The challenge will explore the use of CV techniques for endangered wildlife conservation, specifically focusing on the Amur tiger, also known as Siberian tiger or the Northeast-China tiger. The Amur tiger population is concentrated in the Far East, particularly the Russian Far East and Northeast China. The remaining wild population is estimated to be 600 individuals, so conservation is of crucial importance.

Dataset: With the help of WWF, a third-party company (MakerCollider) collected more than 8,000 Amur tiger video clips of 92 individuals from ~10 zoos in China. This raw dataset is donated to us for academic usage. We organize efforts to make bounding-box, keypoint-based pose, and identity annotations for sampled video frames and formuate the ATRW (Amur Tiger Re-identification in the Wild) dataset. Figure 1 illustrates some example bounding box and pose keypoint annotations in our ATRW dataset. Our dataset is the largest wildlife re-ID dataset to date, Table 1 lists a comparison of current wildlife re-ID datasets. The dataset will be divided into training, validation, and testing subsets. The training/validation subsets along with annotations will be released to public, with the annotations for the test subset withheld by the organizers.

Figure 1. Illustration of bounding box and pose keypoint annotations in our ATRW dataset.

Datasets ATRW [1,2] C-Zoo[3] C-Tai[3] TELP[4] α-whale[5]
Target Tiger Tiger Chimpanzees Chimpanzees Elephant Whale
Wild × × ×
Pose annotation × ×× × ×
#Images or #Clips 8,076* 278 2,109 5,078 2,078 924
#BBoxes 9,496 278 2,109 5,078 2,078 924
#BBoxes with ID 3,649 278 2,109 5,078 2,078 924
#identities 92 278 24 78 276 38
#BBoxes/ID 39.7 1 19.9 9.7 20.5 24.3
Table 1. Comaprison of current wildlife re-ID datasets.

Requirement: We require that participants agree to open-source their solution to support wildlife conservation. All participating teams are required to use only our dataset for training, and submit their challenge results as well as full source-code packages for evaluation.


Tiger Detection: From images/videos captured by cameras, this task aims to place tight bounding boxes around tigers. As the detection may run on the edge (smart cameras), both the detection accuracy (in terms of AP) and the runtime cost are used to measure the quality of the detector.

Tiger Pose Detection: From images/videos with detected tiger bounding boxes, this task aims to estimate tiger pose (i.e., keypoint landmarks) for tiger image alignment/normalization, so that pose variations are removed or alleviated in the tiger re-identification step. We will use mean average precision (mAP) and object keypoint similarity (OKS) to evaluate submissions.

Tiger Re-ID with Human Alignment (Plain Re-ID): We define a set of queries and a target database of Amur tigers. Both queries and targets in the database are already annotated with bounding boxes and pose information. Tiger re-identification aims to find all the database images containing the same tiger as the query. Both mAP and rank-1 accuracy will be used to evaluate accuracy.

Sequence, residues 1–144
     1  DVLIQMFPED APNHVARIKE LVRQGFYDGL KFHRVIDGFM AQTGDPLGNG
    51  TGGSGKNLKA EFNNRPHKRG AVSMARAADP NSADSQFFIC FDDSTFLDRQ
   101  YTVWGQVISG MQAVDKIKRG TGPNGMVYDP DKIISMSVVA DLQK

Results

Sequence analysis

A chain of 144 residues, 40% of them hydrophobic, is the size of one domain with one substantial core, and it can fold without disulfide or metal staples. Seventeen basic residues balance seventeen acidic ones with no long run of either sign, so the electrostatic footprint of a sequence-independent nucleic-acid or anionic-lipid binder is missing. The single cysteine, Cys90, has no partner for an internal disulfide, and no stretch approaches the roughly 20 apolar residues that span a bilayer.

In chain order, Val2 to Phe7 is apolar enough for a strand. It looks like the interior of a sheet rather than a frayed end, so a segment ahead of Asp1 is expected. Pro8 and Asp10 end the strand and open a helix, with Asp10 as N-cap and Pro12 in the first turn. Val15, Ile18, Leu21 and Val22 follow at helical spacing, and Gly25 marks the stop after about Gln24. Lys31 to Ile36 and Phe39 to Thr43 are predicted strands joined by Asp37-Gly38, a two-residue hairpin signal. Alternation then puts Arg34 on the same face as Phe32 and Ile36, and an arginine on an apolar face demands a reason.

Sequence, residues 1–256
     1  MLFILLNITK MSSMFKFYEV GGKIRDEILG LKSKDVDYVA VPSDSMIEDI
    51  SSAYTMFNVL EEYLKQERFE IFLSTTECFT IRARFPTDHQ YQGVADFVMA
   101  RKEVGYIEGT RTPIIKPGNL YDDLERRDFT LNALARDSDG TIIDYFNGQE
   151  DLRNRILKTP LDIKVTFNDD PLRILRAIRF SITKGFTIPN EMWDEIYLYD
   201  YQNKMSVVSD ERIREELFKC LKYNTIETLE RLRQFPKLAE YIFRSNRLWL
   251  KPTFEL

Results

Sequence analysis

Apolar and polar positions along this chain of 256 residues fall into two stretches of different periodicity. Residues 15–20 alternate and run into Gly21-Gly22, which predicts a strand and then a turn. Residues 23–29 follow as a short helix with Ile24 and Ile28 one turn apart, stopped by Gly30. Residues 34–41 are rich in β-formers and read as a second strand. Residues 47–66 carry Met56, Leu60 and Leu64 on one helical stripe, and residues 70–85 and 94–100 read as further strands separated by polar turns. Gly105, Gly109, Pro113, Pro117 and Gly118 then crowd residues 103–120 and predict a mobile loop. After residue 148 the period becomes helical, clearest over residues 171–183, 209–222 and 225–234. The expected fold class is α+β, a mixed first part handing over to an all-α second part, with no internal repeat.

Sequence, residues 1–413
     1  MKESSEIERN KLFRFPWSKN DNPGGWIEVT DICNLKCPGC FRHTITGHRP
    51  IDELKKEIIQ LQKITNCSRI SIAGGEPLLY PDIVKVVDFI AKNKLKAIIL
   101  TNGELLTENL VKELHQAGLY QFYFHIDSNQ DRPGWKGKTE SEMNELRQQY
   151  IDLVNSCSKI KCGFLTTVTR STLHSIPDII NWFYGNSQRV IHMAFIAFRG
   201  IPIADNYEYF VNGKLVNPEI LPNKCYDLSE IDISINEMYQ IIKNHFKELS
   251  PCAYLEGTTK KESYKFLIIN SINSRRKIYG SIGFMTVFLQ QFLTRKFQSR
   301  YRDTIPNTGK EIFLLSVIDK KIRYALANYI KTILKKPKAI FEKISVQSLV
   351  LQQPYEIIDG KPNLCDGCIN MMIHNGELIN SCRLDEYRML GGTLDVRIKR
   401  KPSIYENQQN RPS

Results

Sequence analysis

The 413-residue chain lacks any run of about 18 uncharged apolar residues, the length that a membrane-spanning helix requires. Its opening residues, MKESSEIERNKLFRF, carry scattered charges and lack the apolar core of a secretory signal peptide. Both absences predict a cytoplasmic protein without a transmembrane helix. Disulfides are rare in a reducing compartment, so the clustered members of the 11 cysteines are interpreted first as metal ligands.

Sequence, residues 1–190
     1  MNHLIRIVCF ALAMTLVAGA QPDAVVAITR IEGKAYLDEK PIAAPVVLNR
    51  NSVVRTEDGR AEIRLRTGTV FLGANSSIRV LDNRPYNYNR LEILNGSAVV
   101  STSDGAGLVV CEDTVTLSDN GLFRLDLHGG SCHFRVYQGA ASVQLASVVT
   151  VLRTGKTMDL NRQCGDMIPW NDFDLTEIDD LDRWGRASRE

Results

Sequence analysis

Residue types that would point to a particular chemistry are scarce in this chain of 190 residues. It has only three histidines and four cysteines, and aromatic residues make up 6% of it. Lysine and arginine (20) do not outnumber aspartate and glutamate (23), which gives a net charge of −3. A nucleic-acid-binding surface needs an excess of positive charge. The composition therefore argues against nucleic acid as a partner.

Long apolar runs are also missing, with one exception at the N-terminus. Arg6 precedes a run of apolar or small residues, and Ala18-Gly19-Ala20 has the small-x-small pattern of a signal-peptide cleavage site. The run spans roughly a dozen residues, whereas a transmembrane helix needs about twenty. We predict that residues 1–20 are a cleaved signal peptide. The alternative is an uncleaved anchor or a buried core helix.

Tiger Re-ID in the Wild: This track will evaluate the accuracy of tiger re-identification in wild with a fully automated pipeline. To simulate the real use case, no annotations are provided. Submissions should automatically detect and identify tigers in all images in the test set. Both mAP and rank-1 accuracy will be used to evaluate the accuracy of different models.


The workshop will provide awards for each challenge track winner team thanks to our sponsor's generous donation. Detailed award info will be available soon.


Evaluation server and detailed protocol will be available soon.

Important Dates

  • Training data release: June 28, 2019
  • Testing data release: July 26, 2019
  • Result submission deadline: August 2, 2019
  • Result notification: August 9, 2019
  • Challenge paper submission: August 15, 2019
  • Acceptance notification: August 23, 2019
  • Camera Ready: August 30, 2019
  • Workshop: October 27, 2019


  1. K Ullas Karanth, James D Nichols, N Samba Kumar, et al. Tigers and their prey: predicting carnivore densities from prey abundance. PNAS 101, 14 (2004),4854–4858.
  2. K Ullas Karanth, James D Nichols, N Samba Kumar, and James E Hines. Assessing tiger population dynamics using photographic capture–recapture sampling. Ecology 87, 11 (2006), 2925–2937.
  3. Alexander Freytag, Erik Rodner, Marcel Simon, Alexander Loos, et al. Chimpanzee faces in the wild: Log-euclidean cnns for predicting identities and attributes of primates. In German Conference on Pattern Recognition, 2016.
  4. Matthias Körschens, Björn Barz, and Joachim Denzler. Towards automatic identification of elephants in the wild. arXiv preprint arXiv:1812.04418(2018).
  5. Andrei Polzounov, Ilmira Terpugova, Deividas Skiparis, and Andrei Mihai. Right whale recognition using convolutional neural networks. arXiv preprint arXiv:1604.05605(2016).